San Jose teenager Polina Edmunds twirled and jumped her way into the Olympic picture Thursday night with a performance that stunned the figure skating scene if not those who have been paying close attention.
The Archbishop Mitty sophomore scored a personal best 66.75 points to finish second in the short program at the U.S. Olympic trials at TD Garden in Boston.
"It couldn't have been much better," she told reporters. "I shouldn't be surprised. I have all the elements. I just went out and did them."
Gracie Gold, who trains in El Segundo with coach Frank Carroll, leads the competition with 72.12 points heading into the free skate Saturday. Arcadia's Mirai Nagasu, who took fourth at the Vancouver Games, is third. Ashley Wagner, the two-time reigning national champion, is fourth after stumbling on her combination jump.
The top three after the free skate will earn trips to the Winter Olympics next month in Sochi, Russia.
Most skating experts didn't consider Edmunds, 15, a serious contender to make the Olympic team despite her finishing fourth last month at the Junior Grand Prix Finale in Japan.
The 2013 U.S. junior champion was unhappy with her short program in Japan and promised to regroup at the national championships.
Three-time Olympic medalist Marina Klimova pulled Edmunds aside just before she took the ice.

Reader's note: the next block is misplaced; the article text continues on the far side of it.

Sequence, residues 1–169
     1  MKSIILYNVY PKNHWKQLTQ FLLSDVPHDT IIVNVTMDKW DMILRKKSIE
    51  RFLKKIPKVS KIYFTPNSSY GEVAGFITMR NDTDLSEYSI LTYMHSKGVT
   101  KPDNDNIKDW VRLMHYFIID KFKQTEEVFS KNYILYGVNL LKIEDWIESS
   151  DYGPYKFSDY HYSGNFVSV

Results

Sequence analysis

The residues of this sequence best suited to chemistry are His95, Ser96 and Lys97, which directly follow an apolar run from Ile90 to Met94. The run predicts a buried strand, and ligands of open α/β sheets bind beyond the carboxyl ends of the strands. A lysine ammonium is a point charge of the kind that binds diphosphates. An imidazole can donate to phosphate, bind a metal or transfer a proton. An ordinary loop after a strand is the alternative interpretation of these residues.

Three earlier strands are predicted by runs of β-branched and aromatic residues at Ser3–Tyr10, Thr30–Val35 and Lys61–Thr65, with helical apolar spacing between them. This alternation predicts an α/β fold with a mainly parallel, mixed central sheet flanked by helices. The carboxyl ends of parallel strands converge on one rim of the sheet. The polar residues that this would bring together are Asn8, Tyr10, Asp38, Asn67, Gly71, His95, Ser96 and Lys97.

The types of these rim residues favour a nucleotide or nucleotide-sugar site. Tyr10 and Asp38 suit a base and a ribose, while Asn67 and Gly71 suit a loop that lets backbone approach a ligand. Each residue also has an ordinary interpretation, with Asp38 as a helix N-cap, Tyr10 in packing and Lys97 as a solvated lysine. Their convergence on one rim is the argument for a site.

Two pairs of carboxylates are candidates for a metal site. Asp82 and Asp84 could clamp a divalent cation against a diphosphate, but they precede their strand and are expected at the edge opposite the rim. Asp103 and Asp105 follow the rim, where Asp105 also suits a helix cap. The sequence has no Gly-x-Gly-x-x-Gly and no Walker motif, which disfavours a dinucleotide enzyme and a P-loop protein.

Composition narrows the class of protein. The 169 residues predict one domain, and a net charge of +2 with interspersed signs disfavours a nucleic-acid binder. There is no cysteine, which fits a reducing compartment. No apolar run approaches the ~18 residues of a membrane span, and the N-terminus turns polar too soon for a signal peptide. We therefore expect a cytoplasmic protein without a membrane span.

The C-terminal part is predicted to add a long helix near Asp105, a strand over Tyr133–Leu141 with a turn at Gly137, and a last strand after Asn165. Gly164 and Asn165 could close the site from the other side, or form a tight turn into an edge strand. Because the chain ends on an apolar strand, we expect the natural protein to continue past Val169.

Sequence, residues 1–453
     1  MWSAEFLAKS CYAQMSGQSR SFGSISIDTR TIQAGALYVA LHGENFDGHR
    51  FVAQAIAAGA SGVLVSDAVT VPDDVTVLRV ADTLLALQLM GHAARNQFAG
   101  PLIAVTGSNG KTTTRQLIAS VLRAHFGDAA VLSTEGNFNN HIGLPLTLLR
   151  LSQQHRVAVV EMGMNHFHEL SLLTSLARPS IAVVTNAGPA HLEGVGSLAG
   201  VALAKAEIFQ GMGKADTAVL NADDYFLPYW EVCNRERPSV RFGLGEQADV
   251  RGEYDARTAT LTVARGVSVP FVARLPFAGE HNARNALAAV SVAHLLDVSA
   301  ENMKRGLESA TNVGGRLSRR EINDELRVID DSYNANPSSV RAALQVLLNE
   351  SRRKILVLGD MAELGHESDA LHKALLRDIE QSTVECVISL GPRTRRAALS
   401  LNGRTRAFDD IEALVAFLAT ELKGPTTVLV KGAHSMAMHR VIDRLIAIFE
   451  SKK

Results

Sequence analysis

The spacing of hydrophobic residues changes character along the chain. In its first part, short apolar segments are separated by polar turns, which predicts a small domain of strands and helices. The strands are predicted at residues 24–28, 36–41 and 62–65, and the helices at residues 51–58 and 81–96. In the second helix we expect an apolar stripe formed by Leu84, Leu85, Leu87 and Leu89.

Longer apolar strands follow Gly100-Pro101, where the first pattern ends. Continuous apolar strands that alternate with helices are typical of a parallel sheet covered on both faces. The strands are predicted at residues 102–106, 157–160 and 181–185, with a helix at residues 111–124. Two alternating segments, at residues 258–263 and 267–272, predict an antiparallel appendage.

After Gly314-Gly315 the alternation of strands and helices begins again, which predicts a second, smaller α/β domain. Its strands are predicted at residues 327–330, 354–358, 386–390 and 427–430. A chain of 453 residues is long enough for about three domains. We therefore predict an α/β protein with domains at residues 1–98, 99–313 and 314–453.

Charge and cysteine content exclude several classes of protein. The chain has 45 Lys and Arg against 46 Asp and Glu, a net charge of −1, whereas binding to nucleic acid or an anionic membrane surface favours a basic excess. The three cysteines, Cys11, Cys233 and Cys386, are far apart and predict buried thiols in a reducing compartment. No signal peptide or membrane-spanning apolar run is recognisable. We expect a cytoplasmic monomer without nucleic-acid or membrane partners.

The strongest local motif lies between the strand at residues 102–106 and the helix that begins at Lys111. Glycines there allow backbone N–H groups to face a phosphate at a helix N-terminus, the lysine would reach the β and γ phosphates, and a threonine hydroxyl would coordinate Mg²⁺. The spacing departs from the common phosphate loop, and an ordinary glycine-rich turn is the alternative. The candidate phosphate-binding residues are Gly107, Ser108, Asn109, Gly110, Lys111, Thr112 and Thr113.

"Just be Polina Edmunds," said Klimova, who choreographs Edmunds' programs.
Skating almost flawlessly to a cha-cha medley, the teen mesmerized the crowd, many who didn't know who she was before this performance.
Edmunds, who has grown up skating at Sharks Ice San Jose, knew exactly what she needed when making her senior-level debut as the last of 21 skaters. But she said beforehand she was focused only on her performance.
"I've been training this program like this all year," she said. "I've competed at a lot of competitions this year, internationally, so I know what happens and I know everything I need to do. When I came out here tonight, I knew how to get into the zone and go out there and skate like I've been training."
Edmunds is trying to become the Bay Area's first Olympic singles skater since 1992 when Kristi Yamaguchi of Fremont won the gold medal. She is coached by her mother, Nina Edmunds, and David Glynn.
Meanwhile, Gold, 18, debuted a new short program after scrapping one her coach deemed too modern.
"It puts me in a really good position," she told reporters. "We still have a whole warm-up full of wonderful women, but I think I'm in a good position mentally and physically."
Stanford junior Rachael Flatt finished 20th in what she says will be her last national championships.
Marissa Castelli and Simon Shnapir of Boston took the lead in the pairs competition with a score of 73.13 points.